“The Haunting of Hajji Hotak”
by Jamil Jan Kochai
from the November 8, 2021 issue of The New Yorker

Jamil Jan Kochai first appeared in The New Yorker in December 2019, with “Playing Metal Gear Solid V: The Phantom Pain.” Commenters liked it, but I’m afraid I never read it. I’m always behind!

That story was written in the second person, and it appears from the first paragraph of “The Haunting of Hajji Hotak” is the same.

You don’t know why, exactly, you’ve been assigned to this particular family, in this particular home, in West Sacramento, California. It’s not your job to wonder why. Nonetheless, after a few days, you begin to speculate that the suspect at the heart of your assignment is the father, code-named Hajji, even though you have no reason to believe that he has ever actually completed the hajj pilgrimage to Mecca. In fact, Hajji hardly leaves home at all. He spends hours at a time wandering around his house or his yard, searching for things to repair—rotted planks of wood, missing shingles, burned-out bulbs, broken mowers, shattered windows, unhinged doors—until his old injuries act up, and he is forced to lie down wherever he is working, and if he happens to be in the attic or the basement, or in some other secluded area of the house, away from his wife and his mother and his four children, sometimes he will allow himself to quietly mutter verses from the Quran, invocations to Allah, until his ache seems to ebb and he returns to work.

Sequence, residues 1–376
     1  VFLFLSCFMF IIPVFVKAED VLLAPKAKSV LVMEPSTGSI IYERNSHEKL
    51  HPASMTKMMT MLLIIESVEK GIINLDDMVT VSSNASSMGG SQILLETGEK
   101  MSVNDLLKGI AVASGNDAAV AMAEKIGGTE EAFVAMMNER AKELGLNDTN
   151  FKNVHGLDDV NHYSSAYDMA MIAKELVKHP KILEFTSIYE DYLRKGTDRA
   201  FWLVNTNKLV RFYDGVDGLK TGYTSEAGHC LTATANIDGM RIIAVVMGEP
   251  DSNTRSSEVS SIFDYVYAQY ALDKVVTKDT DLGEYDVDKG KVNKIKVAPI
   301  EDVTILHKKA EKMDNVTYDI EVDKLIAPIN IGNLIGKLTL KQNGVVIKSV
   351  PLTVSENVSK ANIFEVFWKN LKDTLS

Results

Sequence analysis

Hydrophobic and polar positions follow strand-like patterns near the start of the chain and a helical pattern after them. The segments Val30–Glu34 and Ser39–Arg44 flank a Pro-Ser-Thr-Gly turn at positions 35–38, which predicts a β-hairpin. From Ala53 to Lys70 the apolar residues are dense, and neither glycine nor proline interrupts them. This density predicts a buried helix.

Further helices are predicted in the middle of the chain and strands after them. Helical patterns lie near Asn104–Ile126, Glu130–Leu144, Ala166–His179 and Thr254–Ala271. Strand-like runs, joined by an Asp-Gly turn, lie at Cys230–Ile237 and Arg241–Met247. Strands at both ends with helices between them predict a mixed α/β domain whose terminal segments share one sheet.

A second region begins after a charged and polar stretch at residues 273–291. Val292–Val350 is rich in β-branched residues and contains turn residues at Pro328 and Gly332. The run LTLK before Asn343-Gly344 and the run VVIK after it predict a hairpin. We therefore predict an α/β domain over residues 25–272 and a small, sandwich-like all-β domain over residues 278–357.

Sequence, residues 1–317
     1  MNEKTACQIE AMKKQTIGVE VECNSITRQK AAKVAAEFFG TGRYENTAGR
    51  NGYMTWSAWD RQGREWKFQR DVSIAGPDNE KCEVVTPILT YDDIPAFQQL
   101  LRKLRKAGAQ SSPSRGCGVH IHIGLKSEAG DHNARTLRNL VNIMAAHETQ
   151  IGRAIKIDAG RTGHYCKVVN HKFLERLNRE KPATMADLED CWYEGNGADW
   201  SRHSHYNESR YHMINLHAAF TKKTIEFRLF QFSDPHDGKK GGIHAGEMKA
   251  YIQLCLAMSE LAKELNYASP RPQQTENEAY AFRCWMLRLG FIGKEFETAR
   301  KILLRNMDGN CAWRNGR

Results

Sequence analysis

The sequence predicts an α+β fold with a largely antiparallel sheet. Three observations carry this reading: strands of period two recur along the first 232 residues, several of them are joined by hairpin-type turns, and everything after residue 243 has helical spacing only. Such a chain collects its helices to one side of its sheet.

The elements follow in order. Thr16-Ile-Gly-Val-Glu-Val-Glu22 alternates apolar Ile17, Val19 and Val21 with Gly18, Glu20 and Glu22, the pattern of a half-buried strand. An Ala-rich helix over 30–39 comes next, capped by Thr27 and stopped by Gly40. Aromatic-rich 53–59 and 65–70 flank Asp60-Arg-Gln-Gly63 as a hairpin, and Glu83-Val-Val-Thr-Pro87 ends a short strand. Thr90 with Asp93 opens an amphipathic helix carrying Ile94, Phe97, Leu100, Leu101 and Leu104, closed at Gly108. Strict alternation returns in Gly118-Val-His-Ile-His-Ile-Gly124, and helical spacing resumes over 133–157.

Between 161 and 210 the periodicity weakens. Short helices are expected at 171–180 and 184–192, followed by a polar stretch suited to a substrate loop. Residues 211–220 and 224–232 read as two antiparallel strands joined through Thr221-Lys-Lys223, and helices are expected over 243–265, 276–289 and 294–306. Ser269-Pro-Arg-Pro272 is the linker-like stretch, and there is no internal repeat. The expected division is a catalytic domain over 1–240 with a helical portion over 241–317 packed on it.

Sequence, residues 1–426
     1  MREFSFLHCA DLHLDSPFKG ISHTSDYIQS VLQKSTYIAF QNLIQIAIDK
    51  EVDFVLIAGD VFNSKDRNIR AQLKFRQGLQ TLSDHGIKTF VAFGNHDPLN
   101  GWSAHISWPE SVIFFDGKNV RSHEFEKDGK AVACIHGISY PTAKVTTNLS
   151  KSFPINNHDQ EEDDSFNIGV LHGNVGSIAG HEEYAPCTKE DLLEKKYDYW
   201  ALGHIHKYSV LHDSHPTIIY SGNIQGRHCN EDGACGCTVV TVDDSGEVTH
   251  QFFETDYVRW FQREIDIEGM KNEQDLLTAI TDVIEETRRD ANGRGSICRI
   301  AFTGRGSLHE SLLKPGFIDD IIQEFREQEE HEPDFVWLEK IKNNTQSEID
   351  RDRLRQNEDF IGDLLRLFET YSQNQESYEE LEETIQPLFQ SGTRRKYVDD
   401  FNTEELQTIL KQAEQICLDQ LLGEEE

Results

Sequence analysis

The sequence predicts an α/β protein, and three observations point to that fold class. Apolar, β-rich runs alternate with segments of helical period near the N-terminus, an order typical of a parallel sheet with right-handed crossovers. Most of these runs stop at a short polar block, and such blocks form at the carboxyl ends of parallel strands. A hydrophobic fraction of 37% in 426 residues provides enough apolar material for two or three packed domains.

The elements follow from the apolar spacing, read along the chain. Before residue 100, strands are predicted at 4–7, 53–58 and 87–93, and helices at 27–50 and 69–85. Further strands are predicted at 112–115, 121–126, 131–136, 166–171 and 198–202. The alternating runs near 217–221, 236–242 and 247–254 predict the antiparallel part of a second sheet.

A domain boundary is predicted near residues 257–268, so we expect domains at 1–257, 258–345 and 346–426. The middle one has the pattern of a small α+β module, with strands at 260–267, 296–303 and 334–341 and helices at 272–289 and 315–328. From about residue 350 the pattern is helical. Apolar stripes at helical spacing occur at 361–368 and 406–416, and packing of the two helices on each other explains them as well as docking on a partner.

I like this beginning. I’m intrigued. Please let me know your thoughts!

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